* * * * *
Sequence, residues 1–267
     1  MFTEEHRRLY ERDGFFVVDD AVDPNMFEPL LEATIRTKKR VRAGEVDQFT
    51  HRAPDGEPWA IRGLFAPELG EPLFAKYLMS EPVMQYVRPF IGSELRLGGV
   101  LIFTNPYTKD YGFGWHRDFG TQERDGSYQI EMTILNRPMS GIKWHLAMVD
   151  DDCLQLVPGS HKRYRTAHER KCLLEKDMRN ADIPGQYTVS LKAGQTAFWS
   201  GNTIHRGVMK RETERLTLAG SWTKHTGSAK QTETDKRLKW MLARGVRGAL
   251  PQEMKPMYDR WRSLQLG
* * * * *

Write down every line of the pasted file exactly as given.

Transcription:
Sequence, residues 1–267
     1  MFTEEHRRLY ERDGFFVVDD AVDPNMFEPL LEATIRTKKR VRAGEVDQFT
    51  HRAPDGEPWA IRGLFAPELG EPLFAKYLMS EPVMQYVRPF IGSELRLGGV
   101  LIFTNPYTKD YGFGWHRDFG TQERDGSYQI EMTILNRPMS GIKWHLAMVD
   151  DDCLQLVPGS HKRYRTAHER KCLLEKDMRN ADIPGQYTVS LKAGQTAFWS
   201  GNTIHRGVMK RETERLTLAG SWTKHTGSAK QTETDKRLKW MLARGVRGAL
   251  PQEMKPMYDR WRSLQLG